In policy studies the analysis of political myths represents both a relevant and essential investigative field. As political symbols myths have the potential to transmit ideological content in the policy discourse and to influence the social construction of reality within political communities. The purpose of this study is, therefore, to gain better understanding of the role of political myths within the context of public policy in South African. However, the impact of political myths on public policy, and the function which these political symbols fulfil within policy discourse, represent an ‘invisible’ dimension in the public policy sphere. The study of political myths therefore poses methodological challenges to the policy analyst. The prevailing positivist-orientated research tradition in policy studies does not provide the necessary analytical tools for the investigation of political myths. Analysts are, therefore, compelled to draw support from analytical contributions offered by other study fields in this regard, especially those tendered by the discourse analysis. In this dissertation an archetypal and deconstruction approach is used to analyse the I am an African-speech of T.M. Mbeki as political myth. The functional role of I am an African as political mythology in the South African policy context is investigated with reference to State of the Nation Addresses delivered at the Opening of Parliament during the period 1997 to 2001, in which national policy programmes were announced.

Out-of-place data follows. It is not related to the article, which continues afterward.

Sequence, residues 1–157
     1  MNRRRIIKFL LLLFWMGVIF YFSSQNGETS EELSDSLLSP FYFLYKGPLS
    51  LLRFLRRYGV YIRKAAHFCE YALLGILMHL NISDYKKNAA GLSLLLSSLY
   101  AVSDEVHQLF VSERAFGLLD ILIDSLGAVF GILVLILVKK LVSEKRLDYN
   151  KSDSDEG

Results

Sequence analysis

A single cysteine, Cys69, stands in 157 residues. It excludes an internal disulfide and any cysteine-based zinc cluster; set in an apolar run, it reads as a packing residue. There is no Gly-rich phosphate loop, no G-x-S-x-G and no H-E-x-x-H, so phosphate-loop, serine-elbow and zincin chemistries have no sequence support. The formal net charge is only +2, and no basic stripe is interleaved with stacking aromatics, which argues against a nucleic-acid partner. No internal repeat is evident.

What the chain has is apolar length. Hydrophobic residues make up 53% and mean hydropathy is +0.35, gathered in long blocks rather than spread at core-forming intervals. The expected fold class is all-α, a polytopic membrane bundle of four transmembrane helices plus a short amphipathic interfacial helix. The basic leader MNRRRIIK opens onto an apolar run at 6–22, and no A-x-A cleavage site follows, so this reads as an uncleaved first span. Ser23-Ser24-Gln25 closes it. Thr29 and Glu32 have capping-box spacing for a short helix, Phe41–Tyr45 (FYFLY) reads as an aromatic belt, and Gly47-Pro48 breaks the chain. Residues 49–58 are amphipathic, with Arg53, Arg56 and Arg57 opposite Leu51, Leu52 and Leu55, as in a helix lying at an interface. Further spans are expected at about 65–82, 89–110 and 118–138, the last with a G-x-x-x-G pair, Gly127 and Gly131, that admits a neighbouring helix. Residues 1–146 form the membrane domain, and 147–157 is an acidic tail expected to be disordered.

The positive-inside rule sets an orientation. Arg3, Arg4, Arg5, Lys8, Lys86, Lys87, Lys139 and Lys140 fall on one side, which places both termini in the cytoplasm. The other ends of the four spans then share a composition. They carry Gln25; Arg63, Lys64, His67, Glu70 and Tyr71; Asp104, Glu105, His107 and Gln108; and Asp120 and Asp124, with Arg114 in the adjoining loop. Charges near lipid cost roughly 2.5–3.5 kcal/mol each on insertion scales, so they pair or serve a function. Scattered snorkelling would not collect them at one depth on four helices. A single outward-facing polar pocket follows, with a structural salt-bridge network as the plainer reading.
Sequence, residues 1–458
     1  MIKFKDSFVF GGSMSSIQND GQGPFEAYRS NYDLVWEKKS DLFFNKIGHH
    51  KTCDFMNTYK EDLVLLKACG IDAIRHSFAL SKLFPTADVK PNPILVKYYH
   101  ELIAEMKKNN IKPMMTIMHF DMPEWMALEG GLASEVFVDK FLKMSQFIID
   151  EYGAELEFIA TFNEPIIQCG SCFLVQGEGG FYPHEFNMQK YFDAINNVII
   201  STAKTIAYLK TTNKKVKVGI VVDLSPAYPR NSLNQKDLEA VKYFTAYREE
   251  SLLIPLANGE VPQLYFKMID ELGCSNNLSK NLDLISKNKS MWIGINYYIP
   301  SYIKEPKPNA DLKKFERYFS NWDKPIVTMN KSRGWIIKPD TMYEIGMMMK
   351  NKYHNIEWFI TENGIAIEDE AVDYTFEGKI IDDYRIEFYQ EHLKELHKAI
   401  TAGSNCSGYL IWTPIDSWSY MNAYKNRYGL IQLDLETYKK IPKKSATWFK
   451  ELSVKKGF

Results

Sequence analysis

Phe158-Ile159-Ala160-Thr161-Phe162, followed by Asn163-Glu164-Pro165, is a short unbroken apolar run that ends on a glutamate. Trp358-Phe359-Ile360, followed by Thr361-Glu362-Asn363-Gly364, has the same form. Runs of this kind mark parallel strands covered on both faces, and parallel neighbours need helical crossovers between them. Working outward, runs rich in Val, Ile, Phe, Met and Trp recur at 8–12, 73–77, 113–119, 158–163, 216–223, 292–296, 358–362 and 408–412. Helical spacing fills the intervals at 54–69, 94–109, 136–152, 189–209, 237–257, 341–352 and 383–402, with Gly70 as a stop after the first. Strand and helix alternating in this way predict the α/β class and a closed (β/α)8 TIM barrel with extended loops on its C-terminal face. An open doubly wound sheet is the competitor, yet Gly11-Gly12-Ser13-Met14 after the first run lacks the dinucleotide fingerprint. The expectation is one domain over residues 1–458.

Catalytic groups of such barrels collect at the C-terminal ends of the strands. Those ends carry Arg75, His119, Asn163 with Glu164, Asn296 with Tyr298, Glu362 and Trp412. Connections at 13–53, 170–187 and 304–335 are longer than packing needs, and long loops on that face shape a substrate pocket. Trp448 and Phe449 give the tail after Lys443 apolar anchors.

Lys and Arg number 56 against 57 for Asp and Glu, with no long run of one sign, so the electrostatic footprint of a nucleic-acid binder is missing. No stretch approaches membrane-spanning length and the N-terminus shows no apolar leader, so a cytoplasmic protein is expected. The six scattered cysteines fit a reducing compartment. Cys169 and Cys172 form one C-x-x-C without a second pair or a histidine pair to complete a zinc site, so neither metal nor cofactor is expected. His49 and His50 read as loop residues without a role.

Dissertation (M (Political Science))--University of Pretoria, 2005.